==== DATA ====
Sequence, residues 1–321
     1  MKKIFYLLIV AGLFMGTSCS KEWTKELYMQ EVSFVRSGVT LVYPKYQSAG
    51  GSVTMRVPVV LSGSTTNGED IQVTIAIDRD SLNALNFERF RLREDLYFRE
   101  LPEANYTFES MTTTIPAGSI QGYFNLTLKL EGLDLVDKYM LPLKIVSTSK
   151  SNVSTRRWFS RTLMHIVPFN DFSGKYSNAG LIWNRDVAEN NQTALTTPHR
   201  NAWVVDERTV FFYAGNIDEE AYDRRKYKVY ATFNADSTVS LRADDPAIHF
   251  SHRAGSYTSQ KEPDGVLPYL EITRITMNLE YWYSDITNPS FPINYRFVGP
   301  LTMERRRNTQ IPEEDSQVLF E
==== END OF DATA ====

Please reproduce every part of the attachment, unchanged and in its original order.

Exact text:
Sequence, residues 1–321
     1  MKKIFYLLIV AGLFMGTSCS KEWTKELYMQ EVSFVRSGVT LVYPKYQSAG
    51  GSVTMRVPVV LSGSTTNGED IQVTIAIDRD SLNALNFERF RLREDLYFRE
   101  LPEANYTFES MTTTIPAGSI QGYFNLTLKL EGLDLVDKYM LPLKIVSTSK
   151  SNVSTRRWFS RTLMHIVPFN DFSGKYSNAG LIWNRDVAEN NQTALTTPHR
   201  NAWVVDERTV FFYAGNIDEE AYDRRKYKVY ATFNADSTVS LRADDPAIHF
   251  SHRAGSYTSQ KEPDGVLPYL EITRITMNLE YWYSDITNPS FPINYRFVGP
   301  LTMERRRNTQ IPEEDSQVLF E